Review: Be our Guest Restaurant in the expanded Fantasyland
Once upon a time, Disney opened a restaurant which embodied the very essence of magical enchantment…………..a place where one feels immediately transported to a living, breathing storybook land filled with castles, charm and wonder. Be Our Guest Restaurant in the Magic Kingdom’s new, expanded Fantasyland is that place: one so exquisitely enthralling that all your childhood fantasies of happily-ever-afters seem so near at hand.
Based on the wildly popular and much-loved Disney film, Beauty and the Beast, Be Our Guest recreates familiar settings from the movie (namely the Beast’s castle and some of its fabled rooms). The theming is spot-on and no detail has been ignored. It is a glorious sight to behold. This is Disney at its finest and in all its unmatched grandeur.
Led inside the castle by a palace servant adorned in royal purple, we traveled past the great hall and into the ballroom, all the while being greeted by a chorus of sing-songy “Bon Jours.”
There are three dining areas inside the restaurant; the largest and most opulent being the ballroom which is the center and heart of Be Our Guest. The ballroom is dripping in the finest elegance and gorgeously adorned with sparkling, golden chandeliers with shimmering crystal accents, palatial columns, and royal blue tapestries draped along what seems like endless balcony railings. The sheer opulence of the room takes your breath away. I actually had to brush away a tear from the sheer beauty of it all. From the gleaming marble floors to the painted cherubs on the celestial domed ceiling, the room is a love letter to the film’s iconic scene. The far wall is a quaint but alluring picturesque depiction of the movie’s provincial French town, complete with peaceful, wintery snowfall. Looking at this faithful recreation of the ballroom, one expects to see Belle floating down a grand staircase in her signature golden gown. And while Belle never does make an appearance, the master of the castle, the Beast does make several regal entrances during dinner.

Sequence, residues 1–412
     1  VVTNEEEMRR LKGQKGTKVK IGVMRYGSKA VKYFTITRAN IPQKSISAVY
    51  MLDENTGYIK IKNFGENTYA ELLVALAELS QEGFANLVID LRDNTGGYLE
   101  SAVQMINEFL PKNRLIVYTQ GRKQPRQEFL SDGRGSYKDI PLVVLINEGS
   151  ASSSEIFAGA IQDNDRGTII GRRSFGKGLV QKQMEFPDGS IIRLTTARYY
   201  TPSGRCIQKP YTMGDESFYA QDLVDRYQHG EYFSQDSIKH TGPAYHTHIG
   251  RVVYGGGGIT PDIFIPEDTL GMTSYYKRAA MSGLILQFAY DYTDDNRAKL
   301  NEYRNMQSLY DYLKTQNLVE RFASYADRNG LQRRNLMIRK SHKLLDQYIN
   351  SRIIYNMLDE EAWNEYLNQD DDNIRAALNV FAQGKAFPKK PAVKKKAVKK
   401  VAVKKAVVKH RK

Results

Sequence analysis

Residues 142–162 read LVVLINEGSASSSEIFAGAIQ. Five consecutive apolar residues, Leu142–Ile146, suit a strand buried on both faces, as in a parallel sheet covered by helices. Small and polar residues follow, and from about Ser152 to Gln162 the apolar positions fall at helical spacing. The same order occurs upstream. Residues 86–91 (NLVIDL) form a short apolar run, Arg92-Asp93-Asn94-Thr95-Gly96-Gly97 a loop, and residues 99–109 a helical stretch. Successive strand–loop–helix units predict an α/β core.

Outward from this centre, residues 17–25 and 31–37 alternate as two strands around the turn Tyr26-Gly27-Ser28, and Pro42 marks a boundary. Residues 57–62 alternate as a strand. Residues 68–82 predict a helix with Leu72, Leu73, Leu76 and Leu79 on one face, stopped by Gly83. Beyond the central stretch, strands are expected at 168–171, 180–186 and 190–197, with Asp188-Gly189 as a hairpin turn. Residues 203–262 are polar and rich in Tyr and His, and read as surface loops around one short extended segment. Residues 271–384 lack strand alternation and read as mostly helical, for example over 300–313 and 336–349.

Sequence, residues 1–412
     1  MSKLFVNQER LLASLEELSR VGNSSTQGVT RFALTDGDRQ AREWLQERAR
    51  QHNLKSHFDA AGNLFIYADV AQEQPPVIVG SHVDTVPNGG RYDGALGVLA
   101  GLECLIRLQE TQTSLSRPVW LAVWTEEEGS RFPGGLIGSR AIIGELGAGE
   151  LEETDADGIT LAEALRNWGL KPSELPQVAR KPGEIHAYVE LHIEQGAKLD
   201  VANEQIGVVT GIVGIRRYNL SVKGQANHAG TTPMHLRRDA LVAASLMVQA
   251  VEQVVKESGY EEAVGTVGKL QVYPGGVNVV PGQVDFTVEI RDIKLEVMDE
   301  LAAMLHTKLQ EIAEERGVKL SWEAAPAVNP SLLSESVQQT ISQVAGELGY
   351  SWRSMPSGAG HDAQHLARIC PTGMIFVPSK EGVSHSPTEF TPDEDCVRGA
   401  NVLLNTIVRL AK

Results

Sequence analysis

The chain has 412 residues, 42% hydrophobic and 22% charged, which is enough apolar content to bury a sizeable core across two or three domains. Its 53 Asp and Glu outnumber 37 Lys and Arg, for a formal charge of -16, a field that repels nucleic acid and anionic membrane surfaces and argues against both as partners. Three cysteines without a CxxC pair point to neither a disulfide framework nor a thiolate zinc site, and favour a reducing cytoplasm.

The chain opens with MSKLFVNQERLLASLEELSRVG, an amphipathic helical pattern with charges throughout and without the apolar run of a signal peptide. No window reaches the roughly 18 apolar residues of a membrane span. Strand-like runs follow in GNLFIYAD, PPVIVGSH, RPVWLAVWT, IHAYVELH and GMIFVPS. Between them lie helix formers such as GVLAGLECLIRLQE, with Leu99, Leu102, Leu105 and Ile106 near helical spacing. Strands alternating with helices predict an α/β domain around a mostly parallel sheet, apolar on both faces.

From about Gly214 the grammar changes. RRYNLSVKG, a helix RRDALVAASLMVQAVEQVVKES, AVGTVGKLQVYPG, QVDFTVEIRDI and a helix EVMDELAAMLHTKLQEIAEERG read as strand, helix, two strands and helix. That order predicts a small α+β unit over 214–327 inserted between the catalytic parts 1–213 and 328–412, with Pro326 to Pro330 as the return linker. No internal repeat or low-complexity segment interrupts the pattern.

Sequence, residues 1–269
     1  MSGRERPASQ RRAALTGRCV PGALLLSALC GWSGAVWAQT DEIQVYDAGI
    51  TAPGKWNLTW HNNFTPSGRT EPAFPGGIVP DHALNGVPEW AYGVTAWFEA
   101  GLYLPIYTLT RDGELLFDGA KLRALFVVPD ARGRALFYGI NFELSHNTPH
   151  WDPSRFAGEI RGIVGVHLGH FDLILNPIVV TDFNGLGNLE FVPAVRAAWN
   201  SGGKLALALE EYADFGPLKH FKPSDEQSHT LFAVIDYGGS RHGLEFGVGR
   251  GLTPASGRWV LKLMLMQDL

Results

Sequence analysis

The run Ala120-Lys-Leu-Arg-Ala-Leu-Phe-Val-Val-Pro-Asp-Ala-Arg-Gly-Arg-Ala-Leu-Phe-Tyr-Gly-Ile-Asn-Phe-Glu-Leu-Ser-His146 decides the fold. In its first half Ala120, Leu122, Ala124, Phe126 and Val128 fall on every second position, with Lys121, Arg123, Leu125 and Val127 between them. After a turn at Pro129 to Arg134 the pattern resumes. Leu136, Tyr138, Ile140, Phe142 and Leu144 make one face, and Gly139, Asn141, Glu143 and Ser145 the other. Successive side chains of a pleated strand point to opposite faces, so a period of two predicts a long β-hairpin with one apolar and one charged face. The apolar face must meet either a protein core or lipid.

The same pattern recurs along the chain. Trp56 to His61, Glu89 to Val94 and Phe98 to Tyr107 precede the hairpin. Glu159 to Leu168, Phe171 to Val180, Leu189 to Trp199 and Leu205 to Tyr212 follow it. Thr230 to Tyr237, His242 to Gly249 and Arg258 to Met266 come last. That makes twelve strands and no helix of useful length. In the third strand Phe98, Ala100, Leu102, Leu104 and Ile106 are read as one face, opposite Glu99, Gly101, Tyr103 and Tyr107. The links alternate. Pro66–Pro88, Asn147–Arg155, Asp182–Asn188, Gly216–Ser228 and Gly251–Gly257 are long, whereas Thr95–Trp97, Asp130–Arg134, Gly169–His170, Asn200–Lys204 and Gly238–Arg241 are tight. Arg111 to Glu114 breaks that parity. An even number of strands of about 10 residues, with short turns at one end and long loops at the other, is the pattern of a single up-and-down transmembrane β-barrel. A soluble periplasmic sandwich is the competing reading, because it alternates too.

The room is dimly lit and maybe a tad louder than you’d expect which does somewhat detract from what could be the premiere romantic, dreamy ambiance of this Disney dining experience. In fact, your host will actually explain a little about the story and the restaurant while you are being led to your table, that is, if you can hear him/her. We really couldn’t discern what ours was saying. And while perhaps we missed something, the volume level is almost somehow subdued when one shifts focus to the quiet beauty of the room. Each table is lit by a small electric candle enveloped as if it were a precious jewel by a golden, glimmering holder. Each ruby red napkin is folded to look like the head of a perfect blooming rose. Despite the opulence and grandeur, there are also so many delicate touches. The movie soundtrack plays quietly beneath the bustle of the room, almost as if a small orchestra were performing somewhere in one of the furthest castle wings.
Our server, Mary, seemed very enthusiastic about the newness of the restaurant and was eager to “show off” the wonder of this place. Her obvious affection for Be Our Guest was contagious (as if we needed to be any more enamored with it).
The menu offers classic French-inspired fare with a flair, and most of the offerings sounded beyond tempting.
It had caused quite a stir when first announced that Be Our Guest would feature beer and wine on its menu – a first for the Magic Kingdom. And the wine list here is extensive, sure to please even the most knowledgeable connoisseur. There is also a special non-alcoholic all natural fruit punch which many guests seemed to enjoy, especially in the specially themed light-up souvenir goblets.
The mini French bread rolls with sea-salt butter were magnificent and a lovely diversion as we struggled to choose our dinner.